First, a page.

We spent half an hour running in and out of these stumps on the sprawling lawn of the Chateau Ste. Fargeau. I could have done it for an hour. Running comes so naturally to children. Why do we stop running everywhere we go when we become adults? I'll admit, I sometimes employ the child's method of mobility, running from place to place, from downstairs to up, sprinting from the kitchen to the bathroom, or from the yard into the house. It feels good, but I know I couldn't keep it up if anyone were watching me. Why is running only appropriate for little people?
And what about skipping. I once dared my brother, the only person in our family with the kind of job you have to wear a tie for, to skip back to work in our busy little town after his lunch break. He was tempted, but in the end, he chickened out.
Esther is a good runner. When we race I have a hard time staying in front. Letting her win is not even a consideration. I just have to concentrate on not letting her dust me.
These people aren't going anywhere. Why would they?
My favorite room of this house. The fact that we do not have a couch, or a single comfortable chair-- the kind with a high back that takes a load off your entire body, not just your feet-- makes my bed the only option for relaxing. When I pull those windows open and lie down, my worries float out and the world floats in. It's a peaceful world. I hear bits of gossip from the birds. And sometimes I hear them flirting or teasing each other. And the trees read the sky for me. Their soft swaying trunks and all those leaves, which dance and flutter in the warm breeze, tell me a more encouraging story than those that rattled, and shivered in the biting winter wind.
When the wind blows across the barley, making it ripple and roll, it is no longer earth, but sea.
If it weren't for horses. These fuzzy wuzzy creatures have helped Esther, immensely, to adapt to this foreign culture. They don't care what language she speaks,they trust her and she trusts them. The confidence that she has gained in herself by caring for, sitting atop at a walk, trot and gallop, and even steering these beautiful horses over jumps is impossible to measure. It's hers and hers alone. As scary as it is, I love watching her jump. I love how she gets temporarily off center when her horse leaves the ground, and then, instinctually, shifts her weight, keeps her eyes ahead, and rights herself. All by herself. Under her own power. I can't do it for her. And that is what makes it so wonderful.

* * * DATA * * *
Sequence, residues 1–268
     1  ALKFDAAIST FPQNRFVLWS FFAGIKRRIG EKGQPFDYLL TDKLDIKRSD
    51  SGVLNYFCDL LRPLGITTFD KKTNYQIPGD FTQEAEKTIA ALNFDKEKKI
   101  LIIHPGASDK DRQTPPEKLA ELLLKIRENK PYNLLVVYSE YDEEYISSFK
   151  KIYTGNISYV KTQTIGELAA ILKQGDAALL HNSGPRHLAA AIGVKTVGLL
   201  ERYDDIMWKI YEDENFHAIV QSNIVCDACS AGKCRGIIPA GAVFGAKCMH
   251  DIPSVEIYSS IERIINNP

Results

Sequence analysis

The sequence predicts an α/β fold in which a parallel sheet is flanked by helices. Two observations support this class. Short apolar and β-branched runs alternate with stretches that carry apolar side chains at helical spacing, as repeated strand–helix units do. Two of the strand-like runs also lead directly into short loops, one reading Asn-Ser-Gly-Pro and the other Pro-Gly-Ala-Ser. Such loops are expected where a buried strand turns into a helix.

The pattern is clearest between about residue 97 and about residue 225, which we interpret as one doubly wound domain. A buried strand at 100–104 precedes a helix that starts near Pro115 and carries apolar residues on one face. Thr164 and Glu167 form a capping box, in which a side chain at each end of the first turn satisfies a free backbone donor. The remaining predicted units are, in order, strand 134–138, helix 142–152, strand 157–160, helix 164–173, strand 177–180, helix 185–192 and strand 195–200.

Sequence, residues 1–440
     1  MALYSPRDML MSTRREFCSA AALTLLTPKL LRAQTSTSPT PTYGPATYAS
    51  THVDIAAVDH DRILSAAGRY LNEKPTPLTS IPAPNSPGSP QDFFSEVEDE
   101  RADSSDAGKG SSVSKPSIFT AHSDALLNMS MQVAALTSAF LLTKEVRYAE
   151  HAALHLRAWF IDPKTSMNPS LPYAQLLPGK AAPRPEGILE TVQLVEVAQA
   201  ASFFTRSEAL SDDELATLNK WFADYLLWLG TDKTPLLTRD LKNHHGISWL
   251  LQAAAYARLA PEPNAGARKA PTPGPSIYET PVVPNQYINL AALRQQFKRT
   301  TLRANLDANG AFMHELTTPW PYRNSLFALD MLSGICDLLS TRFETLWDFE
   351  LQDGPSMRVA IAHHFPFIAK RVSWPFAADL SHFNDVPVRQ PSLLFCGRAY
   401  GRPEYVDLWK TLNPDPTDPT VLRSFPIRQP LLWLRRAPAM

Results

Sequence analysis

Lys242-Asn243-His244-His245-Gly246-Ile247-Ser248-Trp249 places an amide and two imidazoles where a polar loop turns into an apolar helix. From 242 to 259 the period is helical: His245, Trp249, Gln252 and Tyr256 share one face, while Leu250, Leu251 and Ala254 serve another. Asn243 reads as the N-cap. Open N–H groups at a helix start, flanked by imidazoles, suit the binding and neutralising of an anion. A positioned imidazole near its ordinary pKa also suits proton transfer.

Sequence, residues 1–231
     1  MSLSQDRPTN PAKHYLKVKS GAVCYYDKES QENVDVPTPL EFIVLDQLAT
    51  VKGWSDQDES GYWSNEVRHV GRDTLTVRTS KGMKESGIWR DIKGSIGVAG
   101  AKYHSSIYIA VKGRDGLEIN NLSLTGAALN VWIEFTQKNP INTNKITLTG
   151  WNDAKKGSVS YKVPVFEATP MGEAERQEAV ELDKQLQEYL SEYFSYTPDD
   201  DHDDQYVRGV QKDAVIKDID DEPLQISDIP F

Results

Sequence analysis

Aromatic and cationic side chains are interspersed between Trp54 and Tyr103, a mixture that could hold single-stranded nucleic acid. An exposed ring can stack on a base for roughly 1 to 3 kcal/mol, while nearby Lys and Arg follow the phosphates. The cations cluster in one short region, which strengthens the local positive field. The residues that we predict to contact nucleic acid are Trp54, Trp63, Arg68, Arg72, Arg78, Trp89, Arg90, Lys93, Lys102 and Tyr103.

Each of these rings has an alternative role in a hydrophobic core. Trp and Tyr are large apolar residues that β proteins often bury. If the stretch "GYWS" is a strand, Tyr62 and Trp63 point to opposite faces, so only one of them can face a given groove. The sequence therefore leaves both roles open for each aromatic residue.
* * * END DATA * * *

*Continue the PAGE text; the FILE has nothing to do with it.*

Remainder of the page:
It was Mother's Day in France a few weekends back. (La Fete des Meres). Esther and Ian and Isla picked me these roses from a bush that grows up our front stoop. They were breathtaking and powerfully fragrant. They came with a hand-drawn card from Esther with a picture of a mama sea turtle with a baby sea turtle on her back. I'll scan it soon and put it up here.
Isla loves cruising the streets of Vermenton while Esther is at art class. She goes so fast now I have to run full speed to keep up with her. A trike session with Isla is like an extreme sport. We are so ready to ditch the training wheels.
if you will,
an entire building
filled with old bones.
Isla heading up to the fossil floor at the Natural History Museum in Paris. (Muséum nationale d'Histoire naturelle) in the Jardin des Plantes.
Glace at the Café Rodin. It's important to make a meal out of ice cream when it costs more than $10.
Esther went wild with my camera in the Musée Rodin. This shot above is a super close up of the lovers (The Kiss) you saw a few shots back. I like the way she got the sun sneaking through the gap between their sucking faces.
"I like Rodin because he is like me," she said. "He uses a lot of detail in his art."
And there is nothing more rewarding than exposing Esther to fine art. She is so appreciative, so mature in her examination of every piece. So grownup in her comments: "I love the way that woman's face is so true." It's impossible not to be inspired and wonder how any human being can become bored, or complacent, in a world that is so filled with beauty and passion.
More stuff to read over here, and here.